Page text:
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What's Next for Red Wings Coach Jeff Blashill?

It is officially ugly in Detroit, and there’s still one-third of the year to play. Something needs to change, and soon.
Jeff Blashill

There are bad games played by good teams. Aberrations, for the most part. There also are awful games played by abysmal teams. They’re to be expected. And then there are coach-killing games. That’s what we saw Tuesday night in Detroit, where the Red Wings were beaten to a pulpy red-and-white mist by the Arizona Coyotes, by a score of 9-2.

That’s right. Nine. To two. Against Arizona. 

Sadly, I’ve now used up my monthly allotment of italics, but believe me, it’s worth it to underscore just how brutal the Red Wings were Tuesday. This was not the Colorado Avalanche they were playing against. This was against the Coyotes. The second-worst team in the NHL And that’s only because the Montreal Canadiens have been filming an “Unsolved Mysteries”-documentary on being cursed by a real-life injury bug. The Habs never intended to be the league’s worst team; the Coyotes are where they are by design. And even then, Detroit managed to make them look like the Harlem Globetrotters.

Arizona opened the scoring just 66 seconds into Tuesday’s game, and although they tied it up with a goal exactly five minutes later, the Wings surrendered the next five goals in a hurry. Less than five minutes into the second frame, Detroit was down 6-1, and the game effectively was over. Both Red Wings goals were scored on the power play – that’s correct, they couldn’t muster so much as one even-strength goal against arguably the lousiest team in the league.

Yes, it’s true Detroit head coach Jeff Blashill can only do so much with a roster still in the midst of a lengthy rebuild, There are bad games played by good teams. Aberrations, for the most part. There also are awful games played by abysmal teams. They’re to be expected. And there are coach-killing games. That’s what we saw Tuesday night in Detroit, where the Red Wings were beaten to a pulpy red-and-white mist by the Arizona Coyotes, by a score of 9-2.

That’s right. Nine. To two. Against Arizona. Yes, I have now used up my monthly allotment of italics, but believe me, it’s worth it to underscore just how brutal the Red Wings were Tuesday. This was not the Colorado Avalanche they were playing against. This was against the Coyotes. The second-worst team in the NHL And that’s only because the Montreal Canadiens have been filming an “Unsolved Mysteries”-documentary on being cursed by a real-life injury bug. The Habs never intended to be the league’s worst team; the Coyotes are where they are by design. And even then, Detroit managed to make them look like the Harlem Globetrotters.

Arizona opened the scoring just 66 seconds into Tuesday’s game, and although they tied it up with a exactly five minutes later, the Wings surrendered the next five goals. Less than five minutes into the second frame, Detroit was down 6-1, and the game effectively was over. Both Red Wings goals were scored on the power play -- that’s right, they couldn’t muster so much as one even-strength goal against arguably the lousiest team in the league.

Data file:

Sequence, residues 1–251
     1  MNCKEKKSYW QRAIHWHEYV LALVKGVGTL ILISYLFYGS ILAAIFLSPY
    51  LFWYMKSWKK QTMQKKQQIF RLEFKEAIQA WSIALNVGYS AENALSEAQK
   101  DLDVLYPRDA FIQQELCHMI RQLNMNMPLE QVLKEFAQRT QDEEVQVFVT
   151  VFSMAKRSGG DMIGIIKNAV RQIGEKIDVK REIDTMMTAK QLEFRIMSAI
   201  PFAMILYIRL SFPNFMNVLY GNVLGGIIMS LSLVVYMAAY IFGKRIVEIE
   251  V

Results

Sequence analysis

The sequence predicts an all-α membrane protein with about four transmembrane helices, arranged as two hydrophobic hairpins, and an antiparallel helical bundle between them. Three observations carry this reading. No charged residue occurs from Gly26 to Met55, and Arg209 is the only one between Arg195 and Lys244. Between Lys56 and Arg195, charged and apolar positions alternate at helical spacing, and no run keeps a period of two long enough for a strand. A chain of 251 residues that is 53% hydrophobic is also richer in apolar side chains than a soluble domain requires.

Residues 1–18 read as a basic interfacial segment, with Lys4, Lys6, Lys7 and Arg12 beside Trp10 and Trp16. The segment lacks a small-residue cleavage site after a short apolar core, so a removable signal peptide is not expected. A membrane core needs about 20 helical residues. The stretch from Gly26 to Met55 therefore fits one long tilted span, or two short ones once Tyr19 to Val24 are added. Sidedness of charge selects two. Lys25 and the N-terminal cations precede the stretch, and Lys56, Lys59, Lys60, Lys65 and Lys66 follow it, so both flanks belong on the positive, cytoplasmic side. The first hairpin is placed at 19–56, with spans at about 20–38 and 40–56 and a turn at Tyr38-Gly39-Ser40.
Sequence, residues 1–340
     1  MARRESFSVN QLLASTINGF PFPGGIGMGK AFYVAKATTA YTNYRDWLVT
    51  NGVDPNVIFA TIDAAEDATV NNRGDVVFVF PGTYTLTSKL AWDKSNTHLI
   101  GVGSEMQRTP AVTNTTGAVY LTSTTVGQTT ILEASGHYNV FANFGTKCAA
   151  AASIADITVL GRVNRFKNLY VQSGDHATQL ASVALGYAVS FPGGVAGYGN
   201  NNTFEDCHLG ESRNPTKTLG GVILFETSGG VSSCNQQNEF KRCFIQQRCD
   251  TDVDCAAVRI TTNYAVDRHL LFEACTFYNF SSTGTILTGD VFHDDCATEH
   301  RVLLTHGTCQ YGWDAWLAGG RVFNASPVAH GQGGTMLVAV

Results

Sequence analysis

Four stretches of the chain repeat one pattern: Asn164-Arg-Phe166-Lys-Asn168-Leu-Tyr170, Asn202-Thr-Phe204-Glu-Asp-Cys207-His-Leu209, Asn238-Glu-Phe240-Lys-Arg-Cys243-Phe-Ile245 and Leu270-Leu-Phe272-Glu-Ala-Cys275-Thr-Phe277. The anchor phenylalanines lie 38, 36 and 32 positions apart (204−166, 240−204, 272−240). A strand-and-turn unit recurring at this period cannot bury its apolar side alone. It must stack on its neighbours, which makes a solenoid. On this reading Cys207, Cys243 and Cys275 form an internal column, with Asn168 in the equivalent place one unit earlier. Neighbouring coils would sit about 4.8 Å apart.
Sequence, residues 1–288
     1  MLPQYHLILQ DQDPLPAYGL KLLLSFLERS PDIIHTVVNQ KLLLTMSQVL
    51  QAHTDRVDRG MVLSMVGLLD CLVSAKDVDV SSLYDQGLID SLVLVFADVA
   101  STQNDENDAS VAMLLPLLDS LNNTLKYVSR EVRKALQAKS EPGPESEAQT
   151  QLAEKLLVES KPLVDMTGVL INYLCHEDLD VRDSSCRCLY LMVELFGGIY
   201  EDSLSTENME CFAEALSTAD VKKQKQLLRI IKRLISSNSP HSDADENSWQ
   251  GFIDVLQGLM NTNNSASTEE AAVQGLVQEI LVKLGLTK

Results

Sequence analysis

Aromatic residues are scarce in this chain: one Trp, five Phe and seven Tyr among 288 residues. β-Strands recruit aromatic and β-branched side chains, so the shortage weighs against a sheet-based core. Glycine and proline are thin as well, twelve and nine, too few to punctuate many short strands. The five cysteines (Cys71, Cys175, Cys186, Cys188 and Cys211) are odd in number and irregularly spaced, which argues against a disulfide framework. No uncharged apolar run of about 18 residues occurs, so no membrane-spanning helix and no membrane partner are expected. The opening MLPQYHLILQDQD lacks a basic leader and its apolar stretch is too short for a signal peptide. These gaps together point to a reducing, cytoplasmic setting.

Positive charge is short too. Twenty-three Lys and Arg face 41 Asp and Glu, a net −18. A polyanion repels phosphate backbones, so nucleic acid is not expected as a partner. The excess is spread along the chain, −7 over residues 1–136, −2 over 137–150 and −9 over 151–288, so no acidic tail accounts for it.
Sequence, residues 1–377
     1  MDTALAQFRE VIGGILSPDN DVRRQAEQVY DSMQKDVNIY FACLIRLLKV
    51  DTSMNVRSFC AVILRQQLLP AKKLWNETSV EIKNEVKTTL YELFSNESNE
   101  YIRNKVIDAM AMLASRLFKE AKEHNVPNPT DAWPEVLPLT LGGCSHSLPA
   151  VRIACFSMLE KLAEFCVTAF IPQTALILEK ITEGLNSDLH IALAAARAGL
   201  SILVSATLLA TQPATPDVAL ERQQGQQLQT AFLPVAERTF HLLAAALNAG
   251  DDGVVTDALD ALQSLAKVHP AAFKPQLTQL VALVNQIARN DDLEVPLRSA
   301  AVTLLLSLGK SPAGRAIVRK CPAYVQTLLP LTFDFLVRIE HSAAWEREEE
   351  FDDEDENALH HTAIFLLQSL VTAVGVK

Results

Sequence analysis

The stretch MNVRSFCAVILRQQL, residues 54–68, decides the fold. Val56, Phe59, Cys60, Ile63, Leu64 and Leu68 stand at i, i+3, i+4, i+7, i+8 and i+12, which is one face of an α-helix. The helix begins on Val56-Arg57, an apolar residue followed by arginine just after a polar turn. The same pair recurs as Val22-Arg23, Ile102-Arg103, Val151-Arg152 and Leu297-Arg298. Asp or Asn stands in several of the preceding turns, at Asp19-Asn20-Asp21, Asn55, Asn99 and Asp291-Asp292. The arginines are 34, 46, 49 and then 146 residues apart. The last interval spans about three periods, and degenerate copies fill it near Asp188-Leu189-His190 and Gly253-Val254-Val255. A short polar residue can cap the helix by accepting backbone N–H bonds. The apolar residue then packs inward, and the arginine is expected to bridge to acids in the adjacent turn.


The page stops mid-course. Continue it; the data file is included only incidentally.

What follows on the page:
Yes, it’s true Detroit head coach Jeff Blashill can only do so much with a roster still in the midst of a lengthy rebuild, and his goaltending has ranged from feckless to 3.4-percent feck. However, the fact there have been seven coaching changes in the NHL this season (this is where I would’ve normally used italics) and four of them have been on teams with better records than the Wings’ 24-27-6 mark is an indictment of Blashill’s impact on his players.

Whatever plan Blashill has isn’t working, and his players aren’t buying into it. Since the NHL shut down for a month in mid-December, Detroit has gone 9-14-3. They’ve lost 11 of their past 17 games (6-10-1), and in that spiral, they’ve been outscored 85-57. They’ve allowed five or more goals in nine of those games; they’ve surrendered seven goals in two of those games, eight goals in one of those games, 10 goals in one of those games, and now, nine goals in one of those games.

This can’t be allowed to continue. Wings GM Steve Yzerman signed Blashill to a contract extension last summer, but the term length of the deal has never been officially made public by the team, and it is believed it’s just a two-year extension (almost standard procedure in the increasingly fickle NHL coaching profession), covering this season and next year. Yzerman has an earned reputation as a savvy GM, but he has to know what an awful environment the Wings are in right now, and he also knows there aren’t going to be any improvements via the trade front. Even if he moves a veteran like defenseman Nick Leddy, the return isn’t going to add the necessary 6-10 above-average players Detroit is in desperate need of.

So, the only option to shake things up is to bring a new voice behind the bench. It’s one thing to lose hard-fought games. It’s another thing entirely to lose games in which you’ve hardly fought. Red Wings ownership has gallantly stood behind Blashill in his six-and-two-thirds-seasons on the job. But Detroit’s players are playing like they don’t want him to continue in the role.

Six-and-two-thirds seasons coaching the same team while making only one playoff appearance – and only in the first of those six-and-two-thirds seasons – is a remarkable achievement for an NHL head coach. Noting Blashill’s longevity is not a condemnation of his coaching ability. Instead, it’s a reference to a tenure that is, NHL circles, a Wayne Gretzky-record kind of statistic. You rarely, if ever expect anyone to touch those kind of numbers.

But in that loss to Arizona, the Red Wings had a coach-killer game. It is officially ugly in Detroit, and there’s still one-third of the year to play. And now, the only question is who Yzerman replaces Blashill with.

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